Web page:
One is the possibility of me creating vlogs/videos about my experiences in sustainability. It was brought up as a question by one of the audience members. I told her that her suggestion was very timely, because for the past weeks, I have been considering on creating vlogs as additional content for my blog. This is one thing I’ll be working on in the very, very near future, so I’m excited to launch these in my blog.

The questions raised by the audience on sustainability practices also caught our attention. For one, I’m glad that the youth is engaged in so many initiatives related to sustainability. Second, I learned that the youth is also spreading their advocacy through their social media channels. Like what I do in my blog, one of my goals is really to spread awareness and let everyone know that there are plenty of solutions to our sustainability issues today. Third, zero waste is one of the youth’s top concerns when it comes to sustainability. I also gave an insight that — what if, we referred to it as ‘low impact’ instead? Zero waste comes from the notion that waste can be completely eliminated, although I do not think this is humanely possible. Hence, low impact sounds like a more feasible approach. It tells us to minimize our waste as much as possible, but considering that we live in a modern society, waste altogether cannot be easily eliminated.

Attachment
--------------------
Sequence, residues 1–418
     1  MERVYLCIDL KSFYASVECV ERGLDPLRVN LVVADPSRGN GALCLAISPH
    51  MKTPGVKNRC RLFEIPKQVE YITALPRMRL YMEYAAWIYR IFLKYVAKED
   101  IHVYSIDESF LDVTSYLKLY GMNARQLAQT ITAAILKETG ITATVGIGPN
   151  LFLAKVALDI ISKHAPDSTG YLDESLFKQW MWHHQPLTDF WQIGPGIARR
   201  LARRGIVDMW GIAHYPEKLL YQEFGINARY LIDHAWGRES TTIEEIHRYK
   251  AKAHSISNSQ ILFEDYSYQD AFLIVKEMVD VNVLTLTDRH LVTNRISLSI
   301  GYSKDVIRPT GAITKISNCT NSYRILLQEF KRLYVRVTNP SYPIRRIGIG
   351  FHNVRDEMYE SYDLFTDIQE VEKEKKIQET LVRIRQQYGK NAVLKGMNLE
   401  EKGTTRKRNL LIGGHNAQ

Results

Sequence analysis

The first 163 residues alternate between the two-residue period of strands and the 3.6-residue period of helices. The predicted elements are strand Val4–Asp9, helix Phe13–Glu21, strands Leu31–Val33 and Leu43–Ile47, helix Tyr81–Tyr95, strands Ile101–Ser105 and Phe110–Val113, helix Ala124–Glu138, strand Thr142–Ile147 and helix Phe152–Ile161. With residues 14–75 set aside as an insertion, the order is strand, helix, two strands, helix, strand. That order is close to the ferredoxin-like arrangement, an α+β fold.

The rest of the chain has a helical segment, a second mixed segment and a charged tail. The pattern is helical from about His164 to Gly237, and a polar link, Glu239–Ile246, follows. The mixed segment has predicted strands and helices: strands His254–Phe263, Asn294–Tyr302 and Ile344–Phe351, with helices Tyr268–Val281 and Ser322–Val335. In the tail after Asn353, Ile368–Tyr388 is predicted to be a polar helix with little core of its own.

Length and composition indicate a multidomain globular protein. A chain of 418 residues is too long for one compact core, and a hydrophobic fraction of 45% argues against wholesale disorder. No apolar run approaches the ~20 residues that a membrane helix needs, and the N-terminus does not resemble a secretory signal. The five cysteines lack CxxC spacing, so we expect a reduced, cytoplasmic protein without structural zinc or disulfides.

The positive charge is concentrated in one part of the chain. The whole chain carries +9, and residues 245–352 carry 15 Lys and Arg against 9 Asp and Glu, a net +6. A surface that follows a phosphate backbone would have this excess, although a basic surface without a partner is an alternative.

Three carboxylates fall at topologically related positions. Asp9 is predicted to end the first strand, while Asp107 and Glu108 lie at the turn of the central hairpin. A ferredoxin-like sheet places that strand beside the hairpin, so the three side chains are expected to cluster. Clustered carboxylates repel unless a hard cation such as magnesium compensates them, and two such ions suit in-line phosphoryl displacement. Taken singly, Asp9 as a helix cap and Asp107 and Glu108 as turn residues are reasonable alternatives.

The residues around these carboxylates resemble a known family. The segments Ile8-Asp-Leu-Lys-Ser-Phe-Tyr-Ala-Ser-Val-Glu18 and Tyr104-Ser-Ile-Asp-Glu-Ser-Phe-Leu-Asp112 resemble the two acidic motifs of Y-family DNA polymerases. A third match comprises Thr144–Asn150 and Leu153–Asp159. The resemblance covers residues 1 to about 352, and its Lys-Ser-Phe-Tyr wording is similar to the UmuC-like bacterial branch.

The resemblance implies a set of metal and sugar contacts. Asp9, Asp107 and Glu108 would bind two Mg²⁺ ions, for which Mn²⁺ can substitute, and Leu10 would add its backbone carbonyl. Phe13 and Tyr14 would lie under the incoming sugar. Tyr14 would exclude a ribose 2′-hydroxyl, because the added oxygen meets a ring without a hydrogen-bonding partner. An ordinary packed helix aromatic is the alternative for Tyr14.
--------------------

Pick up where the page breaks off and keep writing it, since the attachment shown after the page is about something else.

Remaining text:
The highlight of the seminar was Colin’s talk about Stratcon Singapore and the Green Business Bureau — two companies he is currently working with. Colin provided us a high-level discussion on sustainability, specifically on using data and metrics to help businesses become ‘green’.

Following all the talks, we had a networking session with the audience members and our fellow speakers. Indeed, creating networks and collaborations in the local sustainability sector would later create ripples, which would become waves and tides. This is why we do what we do.

Let’s take the conversation forward. Find out how we can collaborate for a sustainable future: